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The Plant Genome Abstract - Original Research

Linkage Maps of a Mediterranean × Continental Tall Fescue Population and their Comparative Analysis with Other Poaceae Species


This article in TPG

  1. Vol. 8 No. 1
    unlockOPEN ACCESS
    Received: July 24, 2014
    Accepted: Jan 08, 2015
    Published: March 13, 2015

    * Corresponding author(s): rdierkin@purdue.edu
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  1. Ryan Dierking *a,
  2. Perumal Azhaguvelbd,
  3. Robert Kallenbachc,
  4. Malay Sahad,
  5. Joseph Boutond,
  6. Konstantin Chekhovskiyd,
  7. David Kopeckýe and
  8. Andrew Hopkinsf
  1. a Dep. of Agronomy, Purdue Univ., 915 West State St., West Lafayette, IN 47907
    b Syngenta, 2369- 330th Street, Slater, IA 50244
    d Forage Improvement Division, The Samuel Roberts Noble Foundation, Inc., Ardmore, OK
    c Division of Plant Sciences, Univ. of Missouri, 208 Waters Hall, Columbia, MO 65211
    e Centre of the Region Haná for Biotechnological and Agricultural Research, Institute of Experimental Botany, Slechtitelu 31, Olomouc, 78371, Czech Republic
    f Dow AgroSciences, Inc., 1117 Recharge Rd., York, NE 68467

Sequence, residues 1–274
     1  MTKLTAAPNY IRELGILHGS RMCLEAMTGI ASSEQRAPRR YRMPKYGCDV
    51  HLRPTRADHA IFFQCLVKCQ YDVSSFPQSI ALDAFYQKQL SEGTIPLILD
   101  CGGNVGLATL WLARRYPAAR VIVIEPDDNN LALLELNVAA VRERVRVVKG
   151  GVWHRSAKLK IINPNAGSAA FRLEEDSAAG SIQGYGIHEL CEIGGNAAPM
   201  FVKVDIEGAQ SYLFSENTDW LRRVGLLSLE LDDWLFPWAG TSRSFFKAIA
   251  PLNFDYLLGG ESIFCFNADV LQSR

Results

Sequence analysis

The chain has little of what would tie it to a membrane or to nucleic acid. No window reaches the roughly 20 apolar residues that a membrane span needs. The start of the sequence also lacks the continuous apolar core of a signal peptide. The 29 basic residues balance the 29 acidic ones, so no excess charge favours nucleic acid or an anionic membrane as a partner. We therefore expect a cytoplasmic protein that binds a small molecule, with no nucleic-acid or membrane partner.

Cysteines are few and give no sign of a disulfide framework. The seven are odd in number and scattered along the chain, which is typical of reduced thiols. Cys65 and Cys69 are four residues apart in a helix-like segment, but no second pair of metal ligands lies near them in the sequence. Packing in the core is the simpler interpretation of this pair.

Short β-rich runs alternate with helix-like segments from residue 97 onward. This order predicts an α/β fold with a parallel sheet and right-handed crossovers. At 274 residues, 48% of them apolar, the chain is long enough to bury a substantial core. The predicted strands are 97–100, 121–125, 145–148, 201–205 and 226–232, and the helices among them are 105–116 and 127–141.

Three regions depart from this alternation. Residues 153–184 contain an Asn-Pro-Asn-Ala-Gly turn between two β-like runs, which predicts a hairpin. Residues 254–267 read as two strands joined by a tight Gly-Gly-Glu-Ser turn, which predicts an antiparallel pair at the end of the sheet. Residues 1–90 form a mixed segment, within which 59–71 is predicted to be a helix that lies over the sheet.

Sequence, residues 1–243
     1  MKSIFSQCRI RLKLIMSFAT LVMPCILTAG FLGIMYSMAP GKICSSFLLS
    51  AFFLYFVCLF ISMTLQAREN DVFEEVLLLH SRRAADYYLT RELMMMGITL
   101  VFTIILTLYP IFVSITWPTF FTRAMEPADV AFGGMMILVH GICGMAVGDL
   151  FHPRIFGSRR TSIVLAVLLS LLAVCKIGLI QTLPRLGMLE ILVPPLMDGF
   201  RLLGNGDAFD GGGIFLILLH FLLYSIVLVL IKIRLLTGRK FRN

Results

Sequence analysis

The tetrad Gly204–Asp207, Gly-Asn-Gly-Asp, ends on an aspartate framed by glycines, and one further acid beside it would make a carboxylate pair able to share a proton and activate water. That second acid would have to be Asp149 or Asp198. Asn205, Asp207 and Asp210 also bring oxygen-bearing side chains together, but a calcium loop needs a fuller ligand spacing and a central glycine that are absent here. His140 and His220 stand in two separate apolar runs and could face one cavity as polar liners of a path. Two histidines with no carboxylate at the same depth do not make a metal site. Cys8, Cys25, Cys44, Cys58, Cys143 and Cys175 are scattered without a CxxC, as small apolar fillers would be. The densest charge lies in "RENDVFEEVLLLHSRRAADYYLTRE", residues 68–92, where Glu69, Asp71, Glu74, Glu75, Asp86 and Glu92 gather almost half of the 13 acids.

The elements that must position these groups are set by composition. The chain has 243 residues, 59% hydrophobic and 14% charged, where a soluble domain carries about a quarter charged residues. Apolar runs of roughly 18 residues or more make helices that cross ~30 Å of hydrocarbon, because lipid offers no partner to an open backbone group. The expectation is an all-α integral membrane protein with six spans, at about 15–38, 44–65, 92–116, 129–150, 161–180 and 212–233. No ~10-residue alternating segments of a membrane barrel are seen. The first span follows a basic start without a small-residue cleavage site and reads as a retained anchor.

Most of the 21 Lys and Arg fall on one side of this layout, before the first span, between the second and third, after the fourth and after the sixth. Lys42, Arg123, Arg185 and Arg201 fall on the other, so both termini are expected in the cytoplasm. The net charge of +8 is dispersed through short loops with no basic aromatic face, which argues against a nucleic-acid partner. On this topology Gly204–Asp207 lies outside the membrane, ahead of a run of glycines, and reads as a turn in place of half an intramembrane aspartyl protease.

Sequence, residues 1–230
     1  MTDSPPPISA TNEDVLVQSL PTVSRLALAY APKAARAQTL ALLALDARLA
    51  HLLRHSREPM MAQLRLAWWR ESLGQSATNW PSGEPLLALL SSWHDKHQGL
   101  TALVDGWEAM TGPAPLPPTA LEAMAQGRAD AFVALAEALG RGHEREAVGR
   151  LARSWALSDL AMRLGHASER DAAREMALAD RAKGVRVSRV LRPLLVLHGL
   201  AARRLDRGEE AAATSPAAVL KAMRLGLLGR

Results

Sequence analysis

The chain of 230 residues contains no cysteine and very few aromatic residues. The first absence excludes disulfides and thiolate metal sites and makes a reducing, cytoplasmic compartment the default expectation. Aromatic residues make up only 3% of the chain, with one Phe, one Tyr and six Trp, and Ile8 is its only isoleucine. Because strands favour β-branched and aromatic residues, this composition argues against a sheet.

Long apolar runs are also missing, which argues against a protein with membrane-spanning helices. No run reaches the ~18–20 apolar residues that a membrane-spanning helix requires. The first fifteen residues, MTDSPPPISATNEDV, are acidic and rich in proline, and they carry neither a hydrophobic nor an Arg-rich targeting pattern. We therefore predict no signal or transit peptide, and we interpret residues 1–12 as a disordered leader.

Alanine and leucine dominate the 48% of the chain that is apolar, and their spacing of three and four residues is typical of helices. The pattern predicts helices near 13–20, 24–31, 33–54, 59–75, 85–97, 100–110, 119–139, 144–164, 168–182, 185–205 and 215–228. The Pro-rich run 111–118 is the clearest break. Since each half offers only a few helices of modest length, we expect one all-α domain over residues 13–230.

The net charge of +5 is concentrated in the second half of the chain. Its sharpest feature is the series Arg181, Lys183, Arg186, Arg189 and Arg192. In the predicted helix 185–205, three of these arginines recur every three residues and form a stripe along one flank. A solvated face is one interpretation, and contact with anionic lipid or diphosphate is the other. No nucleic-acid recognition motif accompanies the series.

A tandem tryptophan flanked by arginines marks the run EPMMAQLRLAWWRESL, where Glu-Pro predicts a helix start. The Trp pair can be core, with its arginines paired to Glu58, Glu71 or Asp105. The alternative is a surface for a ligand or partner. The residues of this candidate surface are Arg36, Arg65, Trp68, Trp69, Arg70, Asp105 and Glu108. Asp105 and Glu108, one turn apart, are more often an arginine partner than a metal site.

Temperate grasses belonging to the Festuca–Lolium complex are important throughout the world in pasture and grassland agriculture. Tall fescue (Festuca arundinacea Schreb.) is the predominant species in the United States, covering approximately 15 million ha. Tall fescue has distinctive morphotypes, two of which are Continental (summer active) and Mediterranean (summer semidormant). This is the first report of a linkage map created for Mediterranean tall fescue, while updating the Continental map with additional simple sequence repeat and sequence-tagged site markers. Additionally, this is the first time that diversity arrays technology (DArT) markers were used in the construction of a tall fescue map. The male parent (Continental), R43-64, map consisted of 594 markers arranged in 22 linkage groups (LGs) and covered a total of 1577 cM. The female parent (Mediterranean), 103-2, map was shorter (1258 cM) and consisted of only 208 markers arranged in 29 LGs. Marker densities for R43-64 and 103-2 were 2.65 and 6.08 cM per marker, respectively. When compared with the other Poaceae species, meadow fescue (F. pratensis Huds.), annual ryegrass (L. multiflorum Lam.), perennial ryegrass (L. perenne L.), Brachypodium distachyon (L.) Beauv., and barley (Hordeum vulgare L.), a total of 171 and 98 orthologous or homologous sequences, identified by DArT analysis, were identified in R43-64 and 103-2, respectively. By using genomic in situ hybridization, we aimed to identify potential progenitors of both morphotypes. However, no clear conclusion on genomic constitution was reached. These maps will aid in the search for quantitative trait loci of various traits as well as help define and distinguish genetic differences between the two morphotypes.

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